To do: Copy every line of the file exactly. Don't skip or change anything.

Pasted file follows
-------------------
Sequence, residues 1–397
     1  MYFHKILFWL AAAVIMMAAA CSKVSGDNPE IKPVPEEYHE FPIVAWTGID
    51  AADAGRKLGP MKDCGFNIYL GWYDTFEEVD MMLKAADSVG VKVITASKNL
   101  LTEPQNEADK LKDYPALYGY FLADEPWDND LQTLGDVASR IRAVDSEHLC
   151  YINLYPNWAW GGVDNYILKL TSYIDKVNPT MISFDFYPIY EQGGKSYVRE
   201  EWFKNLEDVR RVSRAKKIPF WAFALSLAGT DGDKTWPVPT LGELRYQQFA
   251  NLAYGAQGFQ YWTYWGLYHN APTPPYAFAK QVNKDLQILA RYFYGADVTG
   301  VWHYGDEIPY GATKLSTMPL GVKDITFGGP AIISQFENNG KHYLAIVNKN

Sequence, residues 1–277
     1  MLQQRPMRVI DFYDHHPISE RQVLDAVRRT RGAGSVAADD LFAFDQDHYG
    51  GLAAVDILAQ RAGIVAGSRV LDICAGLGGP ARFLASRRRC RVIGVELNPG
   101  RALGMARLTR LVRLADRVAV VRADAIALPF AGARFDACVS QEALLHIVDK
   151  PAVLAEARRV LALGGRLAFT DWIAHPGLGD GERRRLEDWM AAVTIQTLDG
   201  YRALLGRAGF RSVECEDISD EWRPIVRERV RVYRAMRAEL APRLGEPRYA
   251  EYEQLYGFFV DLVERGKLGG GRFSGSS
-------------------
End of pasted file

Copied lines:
Sequence, residues 1–397
     1  MYFHKILFWL AAAVIMMAAA CSKVSGDNPE IKPVPEEYHE FPIVAWTGID
    51  AADAGRKLGP MKDCGFNIYL GWYDTFEEVD MMLKAADSVG VKVITASKNL
   101  LTEPQNEADK LKDYPALYGY FLADEPWDND LQTLGDVASR IRAVDSEHLC
   151  YINLYPNWAW GGVDNYILKL TSYIDKVNPT MISFDFYPIY EQGGKSYVRE
   201  EWFKNLEDVR RVSRAKKIPF WAFALSLAGT DGDKTWPVPT LGELRYQQFA
   251  NLAYGAQGFQ YWTYWGLYHN APTPPYAFAK QVNKDLQILA RYFYGADVTG
   301  VWHYGDEIPY GATKLSTMPL GVKDITFGGP AIISQFENNG KHYLAIVNKN

Sequence, residues 1–277
     1  MLQQRPMRVI DFYDHHPISE RQVLDAVRRT RGAGSVAADD LFAFDQDHYG
    51  GLAAVDILAQ RAGIVAGSRV LDICAGLGGP ARFLASRRRC RVIGVELNPG
   101  RALGMARLTR LVRLADRVAV VRADAIALPF AGARFDACVS QEALLHIVDK
   151  PAVLAEARRV LALGGRLAFT DWIAHPGLGD GERRRLEDWM AAVTIQTLDG
   201  YRALLGRAGF RSVECEDISD EWRPIVRERV RVYRAMRAEL APRLGEPRYA
   251  EYEQLYGFFV DLVERGKLGG GRFSGSS